Regulars know they can order the steak sandwich, the chicken sandwich or the hamburger, none of which is on the menu. And they can establish a rapport with Neri and his staff that would be difficult - and more expensive - to do in the dining room.
The regulars become like family, Neri says. One woman comes in on Christmas Eve every year to have a meal in honor of her deceased husband. The couple used to dine together at Bern's.
"You develop relationships," he says. "The customers all come to know us by name."
As at Bern's, bar servers at 717 South restaurant in South Tampa must be trained on the dining menu. Owner Michael Stewart requires bartenders to work the dining room for a year before they can get behind the bar.
"We have over 40 dinner items on the menu," Stewart says. "I don't want someone behind the bar not knowing what goes into our dishes."
To attract earlier diners to the bar, 717 South offers a "5 after 5" menu that has five martinis, five appetizers and five wines on it served from 4 to 7 p.m. But for all the mussels, escargot, baked brie and Havana short ribs, bar customers still want to choose from the extended menu.
The bartenders who make it through the dining room training like it when customers eat in the bar, Stewart says, because the per-check average tends to be much greater than if they're just sipping cocktails and beer.
"They tip on the gross, after all," he says.
YOU SAY ...
We asked readers on Facebook for their favorite places to eat at the bar:
Bill Presswood, Crystal River: "It is usually just my wife and I, and we are comfortable relaxing at the bar. Mellow Mushroom and The Bricks are a couple places we enjoy."
Joy Jensen Klockow, Tampa: "We love eating at the bar ... there is inevitably a conversation with the bartender(s), which is entertaining. Chili's in Lakeland (south) has had the same bartenders for years, and we love to eat at the bar there."
Ilene S. Pincus, Tampa: I prefer sitting at a sushi bar rather than eating at a table in a Japanese place. And I [like eating at the bar] at the Brick Oven Pizzaria in Trinity."
Cheryl Miller, Tampa: "I have to say my husband and I also like sitting at the bar due to faster service and ability to see the 'action' going on behind, as well as seeing whatever sports might be on TV. Cheesecake Factory, Outback Steakhouse and Square One Burgers are just a few of the ones where we love sitting at the bar."
Looking for a bar to try for dining?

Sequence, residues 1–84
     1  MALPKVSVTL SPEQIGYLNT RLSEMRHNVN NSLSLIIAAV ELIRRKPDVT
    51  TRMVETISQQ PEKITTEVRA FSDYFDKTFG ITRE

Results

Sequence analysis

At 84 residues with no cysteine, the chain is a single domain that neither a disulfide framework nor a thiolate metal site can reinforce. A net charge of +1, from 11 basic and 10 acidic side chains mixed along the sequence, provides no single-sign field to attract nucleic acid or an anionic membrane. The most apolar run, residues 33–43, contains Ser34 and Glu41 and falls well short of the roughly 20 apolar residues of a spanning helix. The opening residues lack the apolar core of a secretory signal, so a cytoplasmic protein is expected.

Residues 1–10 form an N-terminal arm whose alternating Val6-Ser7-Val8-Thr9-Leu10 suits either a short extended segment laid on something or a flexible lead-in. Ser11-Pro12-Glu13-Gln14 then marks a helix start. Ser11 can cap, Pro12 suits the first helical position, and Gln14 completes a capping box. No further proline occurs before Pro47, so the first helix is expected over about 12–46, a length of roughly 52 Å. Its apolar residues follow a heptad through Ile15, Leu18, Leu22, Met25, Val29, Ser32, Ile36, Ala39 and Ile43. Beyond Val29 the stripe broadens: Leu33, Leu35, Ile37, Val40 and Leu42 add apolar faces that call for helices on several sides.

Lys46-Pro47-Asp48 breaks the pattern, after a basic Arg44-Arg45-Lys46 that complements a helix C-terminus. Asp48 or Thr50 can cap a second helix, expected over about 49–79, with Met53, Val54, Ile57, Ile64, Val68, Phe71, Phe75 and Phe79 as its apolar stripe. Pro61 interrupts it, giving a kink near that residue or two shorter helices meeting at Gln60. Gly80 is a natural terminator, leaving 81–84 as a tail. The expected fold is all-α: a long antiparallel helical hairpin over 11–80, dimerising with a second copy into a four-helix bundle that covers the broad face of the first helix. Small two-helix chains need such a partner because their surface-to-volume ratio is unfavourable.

TBOExtra.com dining editor Rommie Johnson passes along these suggestions:
Bella's (Tampa): The restaurant attracts diners from all around, but the bar/lounge area is essentially a neighborhood hangout. There's a relaxed vibe and great camaraderie among the regulars, and the bartenders (Larry and Jessica, in particular) are fantastic.
SideBern's (Tampa): The fact that you can get Chad Johnson's delicious, creative, fine-dining fare without the formality of sitting at a table is reason enough to belly up to the bar at SideBern's, but their exceptional wine list and selection of high-end liquors seal the deal. Great bartenders here, too (Brian and Robert).
Fly Bar & Restaurant (Tampa): This lively bar tends to be pretty bustling with a hipper-than-thou crowd, but their menu — consisting of mostly small-plate and sharing items — is ideally suited for bar dining. Of course, the nightly specials (my favorite is half-price bottles of wine on Monday) and the bartenders (Geoff and Josh, especially) are also tough to beat.
Z Grille (St. Petersburg): Great food, great beer, an awesome bar and a front-row seat to watch the kitchen at work.
Ella's Americana Folk Art Café (Tampa): There are few ways I'd rather spend a Sunday than sitting at this bar sipping quality beer and eating barbecue or chicken-and-waffles from their "Soul Food Sundays" menu. Seminole Heights boasts such a colorful cast of characters that you never know who you'll sit next to at this bar, but you're likely to enjoy it. The bartenders (especially Joe and Scott) are great, too.
The Bricks (Tampa): This is a super-casual, laid-back bar that feels like you're hanging out at a friend's place. Their menu is perfect for casual bar dining, featuring mostly sandwiches and appetizers. The bartenders (Durke and Haleigh) are two of the best.
*Other places to try:
* Cassis American Brasserie (St. Petersburg)
* Ceviche (St. Petersburg location)
* Café Alma (St. Petersburg)
* Tampa Bay Brewing Co. (Tampa)
* Red Mesa Cantina (St. Petersburg)
* Circles (Palma Ceia/South Tampa)
* Jolly (Sarasota)